Eastern Angles Spring Tour
Spring now appears to be edging its way towards us and as it does, so does one of the landmarks of the East Anglian theatrical year. Slipping itself into gear on the 15th of March at the John Peel Centre in Stowmarket, the Eastern Angles’ Spring Tour Transit van doesn’t finally pull on the hand break until it gets to The Cut in Halesworth some eleven weeks, fifty four performances, forty five venues and, presumably, several thousand miles later. It’s the sort of itinerary which would bring even the most sanguine multi-drop delivery driver out in a cold sweat.
Things are a little different this year however. The Spring Tour’s offering is usually rich imbued with East Anglia legend, folklore or history and will often be receiving its theatrical debut on the tour. But that’s not the case this year as not only is The Strange Undoing of Prudentia Hart set in the Scottish borders, it has already been produced – to great acclaim it should be added – by The National Theatre of Scotland.
Pitched as one part folk-gig, one part folk-tale and a third part comedy the eponymous Prudentia Hart is a staid academic who loves folk-lore and the ballads in which the border country is so rich. Attending a conference in Kelso she finds herself stranded by a blizzard in a pub advertising a ceilidh, which turns out to be a Katy Perry karaoke.
Disappointed and disillusioned she wanders off into the storm and encounters the devil before experiencing a revelatory episode in a car park. The mind boggles! The story is woven four story-tellers who incorporate rhyming verse and a lot of music into their narrative, occasionally mocking the very border ballads which Prudentia herself is so smitten by. Even the great Rabbie Burns receives a gentle teasing.
Playwright David Greig is generally acknowledged as Scottish theatre’s most successful writer. He is certainly amongst the most prolific, having written over 30 plays, including the adaptation of Roald Dahl’s Charlie and the Chocolate Factory, which some of you may have seen in London’s West End. Whilst he’s become known as a political voice in Scotland his work is not overtly so and focuses more on identity, and the roots and place of an individual in a national story – both past and present.
The Strange Undoing of Prudentia Hart was originally written to be performed in pubs and bars, where the rollicking, riotous action could interlace itself between the tables at which the audience sat. Issacs on the Quay in Ipswich is the only venue on the tour which is a bona-fide public house and that is perhaps a little disappointing given that there are pubs in the region which do put on some theatre. Nevertheless the set-up which Greig wrote for should transfer exceedingly well to the intimate, non-theatrical venues which Eastern Angles’ Spring Tour utilises.
For me part of the pleasure of the Spring Tour is always the set. The finessed utility of something which must at once both serve the purposes of the play, and fit neatly into the back of a transit van (not to say be quick and easy to build and dismantle) must be an extraordinarily fine judgement for Eastern Angles and yet is one of those things which goes unnoticed by the audience – unless of course they get it wrong, which I have to say I cannot remember them doing.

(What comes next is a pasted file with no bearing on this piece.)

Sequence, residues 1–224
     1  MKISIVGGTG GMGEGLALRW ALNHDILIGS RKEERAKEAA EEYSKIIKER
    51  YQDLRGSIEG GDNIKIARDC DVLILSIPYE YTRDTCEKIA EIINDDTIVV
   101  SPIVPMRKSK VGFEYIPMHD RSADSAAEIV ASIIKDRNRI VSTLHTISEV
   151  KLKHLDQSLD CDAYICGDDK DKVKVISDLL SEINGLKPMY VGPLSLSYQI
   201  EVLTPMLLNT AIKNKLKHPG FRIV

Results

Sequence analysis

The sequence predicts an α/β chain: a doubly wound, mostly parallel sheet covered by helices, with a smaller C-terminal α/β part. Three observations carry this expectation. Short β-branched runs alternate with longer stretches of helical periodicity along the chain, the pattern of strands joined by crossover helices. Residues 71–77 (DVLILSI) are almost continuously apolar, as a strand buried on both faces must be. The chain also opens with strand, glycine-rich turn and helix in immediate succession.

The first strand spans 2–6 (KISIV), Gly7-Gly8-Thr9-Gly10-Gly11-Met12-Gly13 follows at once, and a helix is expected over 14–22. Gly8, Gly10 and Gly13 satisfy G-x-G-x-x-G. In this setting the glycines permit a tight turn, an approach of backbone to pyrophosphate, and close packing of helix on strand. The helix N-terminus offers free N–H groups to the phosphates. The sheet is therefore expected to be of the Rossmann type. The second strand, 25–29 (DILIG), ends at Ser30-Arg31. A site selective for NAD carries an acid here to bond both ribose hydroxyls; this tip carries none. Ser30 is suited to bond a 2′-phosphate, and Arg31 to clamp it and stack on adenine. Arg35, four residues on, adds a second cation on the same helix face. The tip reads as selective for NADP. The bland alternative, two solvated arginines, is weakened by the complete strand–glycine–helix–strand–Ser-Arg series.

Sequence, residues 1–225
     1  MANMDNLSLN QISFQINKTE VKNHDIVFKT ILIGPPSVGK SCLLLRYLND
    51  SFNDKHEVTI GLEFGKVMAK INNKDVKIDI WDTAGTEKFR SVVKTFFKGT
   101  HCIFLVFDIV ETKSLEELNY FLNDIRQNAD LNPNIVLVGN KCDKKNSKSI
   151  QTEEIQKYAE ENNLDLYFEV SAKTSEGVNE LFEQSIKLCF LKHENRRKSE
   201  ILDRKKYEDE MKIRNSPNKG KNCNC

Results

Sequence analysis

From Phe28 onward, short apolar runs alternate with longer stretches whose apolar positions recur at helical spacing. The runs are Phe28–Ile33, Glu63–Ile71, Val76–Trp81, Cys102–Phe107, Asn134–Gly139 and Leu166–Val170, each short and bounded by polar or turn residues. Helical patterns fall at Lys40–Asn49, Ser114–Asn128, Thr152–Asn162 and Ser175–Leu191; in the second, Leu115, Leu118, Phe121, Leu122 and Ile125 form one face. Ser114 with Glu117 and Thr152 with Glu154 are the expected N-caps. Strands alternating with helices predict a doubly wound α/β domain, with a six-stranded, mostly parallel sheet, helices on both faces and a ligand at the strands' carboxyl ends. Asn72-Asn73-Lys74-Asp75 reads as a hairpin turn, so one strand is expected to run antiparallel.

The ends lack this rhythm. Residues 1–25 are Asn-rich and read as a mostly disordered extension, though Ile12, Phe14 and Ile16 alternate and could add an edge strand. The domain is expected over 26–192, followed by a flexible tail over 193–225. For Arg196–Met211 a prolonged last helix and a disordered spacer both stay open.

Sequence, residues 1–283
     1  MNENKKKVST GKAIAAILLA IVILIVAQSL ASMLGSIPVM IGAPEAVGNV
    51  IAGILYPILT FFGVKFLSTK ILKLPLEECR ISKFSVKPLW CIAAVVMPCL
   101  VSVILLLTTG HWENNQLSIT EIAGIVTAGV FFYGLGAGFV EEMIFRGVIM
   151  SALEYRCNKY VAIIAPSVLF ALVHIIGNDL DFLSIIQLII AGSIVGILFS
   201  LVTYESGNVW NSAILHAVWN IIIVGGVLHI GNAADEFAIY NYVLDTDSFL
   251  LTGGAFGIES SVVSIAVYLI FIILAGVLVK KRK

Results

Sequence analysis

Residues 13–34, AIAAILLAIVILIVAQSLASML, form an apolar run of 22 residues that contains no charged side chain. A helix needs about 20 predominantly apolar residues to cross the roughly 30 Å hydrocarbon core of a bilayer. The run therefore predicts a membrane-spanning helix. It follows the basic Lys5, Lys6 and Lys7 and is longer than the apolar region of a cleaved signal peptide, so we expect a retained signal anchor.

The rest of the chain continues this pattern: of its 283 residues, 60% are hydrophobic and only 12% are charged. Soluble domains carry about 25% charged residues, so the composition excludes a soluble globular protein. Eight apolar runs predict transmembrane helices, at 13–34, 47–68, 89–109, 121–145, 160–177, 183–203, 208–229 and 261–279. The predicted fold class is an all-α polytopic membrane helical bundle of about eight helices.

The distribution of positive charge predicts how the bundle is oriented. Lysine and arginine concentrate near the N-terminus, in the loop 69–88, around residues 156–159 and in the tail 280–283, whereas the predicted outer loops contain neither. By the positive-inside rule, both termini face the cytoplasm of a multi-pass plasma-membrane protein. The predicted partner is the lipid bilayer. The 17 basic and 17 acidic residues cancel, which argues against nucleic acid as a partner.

The sets for The Long Way Home and Private Resistance spring to mind as particularly successful examples and whether the setting of Prudentia Hart proves a boon or a burden in that respect will be interesting to see. Director Hal Chambers previously worked with Eastern Angles on the production, Ragnarok, the Norse gods epic which played at the Hush House at RAF Bentwaters. The set for that was suitably evocative and Hal promises that the designer for Prudentia Hart, Bek Palmer, has a dark and daring imagination, so the portents look good.
I have not actually tracked the Spring Tour on a map but I find it difficult to imagine that there are many, if any, parts of East Anglia which are not crossed at some point during the eleven weeks of its progress. From Brentwood in the south to Cley-Next-the-Sea in the north, and from Lowestoft in the east to Peterborough in the west, if the tour usually pitches near you then, chances are, it will be back again this year.
Doubtless there are a few changes from last year, and Hatfield strikes me as a new venue, but they may be a case of poor memory on my part. The way to be sure is to get along to the Eastern Angles website, which is looking very swish and is far easier to navigate after its make-over, and to tap on the link to Prudencia Hart. You can buy tickets for some of the dates directly on the Eastern Angles website or find the contact details for the venues which are handling ticket sales independently.
[box type=”info” align=”” class=”” width=””]Find out more on the Eastern Angles website, here: www.easternangles.co.uk [/box]